American Association for Cancer Research
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15357163mct190231-sup-218318_3_supp_5675595_pvd0nr.pdf (144.89 kB)

Supplemental Figure 5 from Short- and Long-Term Effects of CDK4/6 Inhibition on Early-Stage Breast Cancer

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posted on 2023-04-03, 15:21 authored by William B. Kietzman, Garrett T. Graham, Virginie Ory, Ghada M. Sharif, Max H. Kushner, Gregory T. Gallanis, Bhaskar Kallakury, Anton Wellstein, Anna T. Riegel

MUC16 and Tumor cell Death

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Tumor Biology

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ARTICLE ABSTRACT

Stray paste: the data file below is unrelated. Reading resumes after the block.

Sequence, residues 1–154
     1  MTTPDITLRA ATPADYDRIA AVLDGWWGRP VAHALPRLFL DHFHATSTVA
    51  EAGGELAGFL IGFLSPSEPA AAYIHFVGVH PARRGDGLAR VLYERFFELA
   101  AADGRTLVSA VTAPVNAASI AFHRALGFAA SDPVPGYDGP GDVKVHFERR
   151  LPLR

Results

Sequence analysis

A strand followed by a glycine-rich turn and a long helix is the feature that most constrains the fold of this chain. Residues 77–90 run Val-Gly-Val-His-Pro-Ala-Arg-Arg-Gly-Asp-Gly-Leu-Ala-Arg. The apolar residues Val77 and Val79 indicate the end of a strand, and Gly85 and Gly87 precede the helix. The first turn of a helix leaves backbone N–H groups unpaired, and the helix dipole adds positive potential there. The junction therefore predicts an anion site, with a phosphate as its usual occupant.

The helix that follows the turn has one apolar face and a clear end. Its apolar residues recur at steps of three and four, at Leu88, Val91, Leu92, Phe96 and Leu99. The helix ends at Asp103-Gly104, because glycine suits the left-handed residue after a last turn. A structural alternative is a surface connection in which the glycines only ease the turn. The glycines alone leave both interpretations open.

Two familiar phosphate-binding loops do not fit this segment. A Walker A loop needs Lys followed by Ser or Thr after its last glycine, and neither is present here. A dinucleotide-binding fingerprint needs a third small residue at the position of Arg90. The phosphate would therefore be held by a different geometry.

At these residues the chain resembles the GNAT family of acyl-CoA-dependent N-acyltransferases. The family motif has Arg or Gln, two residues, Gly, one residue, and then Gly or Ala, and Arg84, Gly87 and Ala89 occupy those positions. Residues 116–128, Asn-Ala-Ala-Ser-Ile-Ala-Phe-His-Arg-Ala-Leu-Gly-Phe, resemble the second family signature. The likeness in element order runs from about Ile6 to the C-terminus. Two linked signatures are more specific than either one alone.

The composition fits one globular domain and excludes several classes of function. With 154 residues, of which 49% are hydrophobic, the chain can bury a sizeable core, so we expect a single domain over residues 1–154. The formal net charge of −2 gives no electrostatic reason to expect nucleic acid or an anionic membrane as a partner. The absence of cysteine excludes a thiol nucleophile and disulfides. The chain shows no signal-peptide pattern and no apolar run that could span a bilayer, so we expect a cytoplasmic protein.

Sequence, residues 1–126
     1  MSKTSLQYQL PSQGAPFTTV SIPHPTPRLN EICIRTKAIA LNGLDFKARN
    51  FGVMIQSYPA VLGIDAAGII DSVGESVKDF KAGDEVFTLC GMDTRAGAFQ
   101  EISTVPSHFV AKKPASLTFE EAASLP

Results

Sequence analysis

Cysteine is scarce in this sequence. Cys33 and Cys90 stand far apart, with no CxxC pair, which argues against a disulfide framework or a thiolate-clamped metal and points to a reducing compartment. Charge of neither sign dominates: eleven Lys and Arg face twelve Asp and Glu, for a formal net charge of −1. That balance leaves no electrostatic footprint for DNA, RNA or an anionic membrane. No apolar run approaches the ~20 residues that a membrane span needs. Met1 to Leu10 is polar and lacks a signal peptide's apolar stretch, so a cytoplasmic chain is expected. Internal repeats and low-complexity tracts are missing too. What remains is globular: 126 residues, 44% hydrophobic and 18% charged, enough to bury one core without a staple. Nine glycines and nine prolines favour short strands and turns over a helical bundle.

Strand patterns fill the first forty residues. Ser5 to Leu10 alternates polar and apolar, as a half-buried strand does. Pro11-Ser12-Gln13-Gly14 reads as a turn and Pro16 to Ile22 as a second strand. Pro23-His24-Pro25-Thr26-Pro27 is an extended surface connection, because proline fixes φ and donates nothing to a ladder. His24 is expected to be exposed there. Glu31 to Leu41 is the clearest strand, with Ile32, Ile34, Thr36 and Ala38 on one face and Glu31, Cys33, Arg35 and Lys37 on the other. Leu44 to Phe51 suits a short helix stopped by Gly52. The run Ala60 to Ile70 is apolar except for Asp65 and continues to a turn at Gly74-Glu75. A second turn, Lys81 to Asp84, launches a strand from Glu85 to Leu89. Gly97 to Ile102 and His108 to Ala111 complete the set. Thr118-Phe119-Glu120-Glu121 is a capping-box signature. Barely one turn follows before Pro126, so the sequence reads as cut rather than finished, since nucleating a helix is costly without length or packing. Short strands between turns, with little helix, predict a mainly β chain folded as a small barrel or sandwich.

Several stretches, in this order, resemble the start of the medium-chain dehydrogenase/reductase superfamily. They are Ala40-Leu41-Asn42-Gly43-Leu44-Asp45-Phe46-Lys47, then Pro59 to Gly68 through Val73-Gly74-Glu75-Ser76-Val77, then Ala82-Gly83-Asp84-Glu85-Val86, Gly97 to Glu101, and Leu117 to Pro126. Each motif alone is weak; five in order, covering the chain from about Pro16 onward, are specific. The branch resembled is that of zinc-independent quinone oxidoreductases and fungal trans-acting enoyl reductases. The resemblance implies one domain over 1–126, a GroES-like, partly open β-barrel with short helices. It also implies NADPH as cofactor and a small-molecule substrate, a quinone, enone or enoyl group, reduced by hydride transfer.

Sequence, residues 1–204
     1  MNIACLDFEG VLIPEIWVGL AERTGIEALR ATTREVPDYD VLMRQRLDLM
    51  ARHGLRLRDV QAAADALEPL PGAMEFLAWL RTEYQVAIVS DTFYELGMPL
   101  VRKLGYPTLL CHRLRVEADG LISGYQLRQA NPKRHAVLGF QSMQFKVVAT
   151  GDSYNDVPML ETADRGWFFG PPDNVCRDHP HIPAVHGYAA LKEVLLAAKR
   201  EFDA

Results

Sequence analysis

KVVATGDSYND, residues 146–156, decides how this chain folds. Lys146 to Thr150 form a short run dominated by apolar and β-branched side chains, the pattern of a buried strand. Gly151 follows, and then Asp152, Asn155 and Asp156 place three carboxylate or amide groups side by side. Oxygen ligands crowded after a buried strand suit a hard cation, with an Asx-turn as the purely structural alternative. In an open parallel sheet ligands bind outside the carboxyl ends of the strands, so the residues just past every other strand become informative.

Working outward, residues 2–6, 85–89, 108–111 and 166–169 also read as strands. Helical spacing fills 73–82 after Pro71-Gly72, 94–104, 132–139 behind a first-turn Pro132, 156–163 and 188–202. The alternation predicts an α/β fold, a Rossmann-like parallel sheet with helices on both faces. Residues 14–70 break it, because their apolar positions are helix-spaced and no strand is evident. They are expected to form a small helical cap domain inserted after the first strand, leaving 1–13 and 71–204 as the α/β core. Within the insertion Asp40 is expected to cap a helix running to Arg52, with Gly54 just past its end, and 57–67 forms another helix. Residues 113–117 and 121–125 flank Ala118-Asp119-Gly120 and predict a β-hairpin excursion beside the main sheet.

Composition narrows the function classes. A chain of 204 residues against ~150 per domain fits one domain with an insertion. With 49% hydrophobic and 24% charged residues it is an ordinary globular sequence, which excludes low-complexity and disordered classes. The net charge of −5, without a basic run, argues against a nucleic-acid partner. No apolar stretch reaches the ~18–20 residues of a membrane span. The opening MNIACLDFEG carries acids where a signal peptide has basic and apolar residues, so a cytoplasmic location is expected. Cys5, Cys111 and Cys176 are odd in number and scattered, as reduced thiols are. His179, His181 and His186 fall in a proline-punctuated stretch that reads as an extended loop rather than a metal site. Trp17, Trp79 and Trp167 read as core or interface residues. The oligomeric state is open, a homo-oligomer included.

CDK4/6 inhibitors are used in the treatment of advanced estrogen receptor (ER)(+) breast cancer. Their efficacy in ER(−) and early-stage breast cancer is currently under investigation. Here, we show that palbociclib, a CDK4/6 inhibitor, can inhibit both progression of ductal carcinoma in situ (DCIS) and growth of invasive disease in both an ER(−) basal breast cancer model (MCFDCIS) and an ER(+) luminal model (MCF7 intraductal injection). In MCFDCIS cells, palbociclib repressed cell-cycle gene expression, inhibited proliferation, induced senescence, and normalized tumorspheres formed in Matrigel while the formation of acini by normal mammary epithelial cells (MCF10A) was not affected. Palbociclib treatment of mice with MCFDCIS tumors inhibited their malignant progression and reduced proliferation of invasive lesions. Transcriptomic analysis of the tumor and stromal cell compartments showed that cell cycle and senescence genes, and MUC16, an ovarian cancer biomarker gene, were repressed during treatment. Knockdown of MUC16 in MCFDCIS cells inhibited proliferation of invasive lesions but not progression of DCIS. After cessation of palbociclib treatment genes associated with differentiation, for example, P63, inflammation, IFNγ response, and antigen processing and presentation remained suppressed in the tumor and surrounding stroma. We conclude that palbociclib can prevent progression of DCIS and is antiproliferative in ER(−) invasive disease mediated in part via MUC16. Lasting effects of CDK4/6 inhibition after drug withdrawal on differentiation and the immune response could impact the approach to treatment of early-stage ER(−) breast cancer.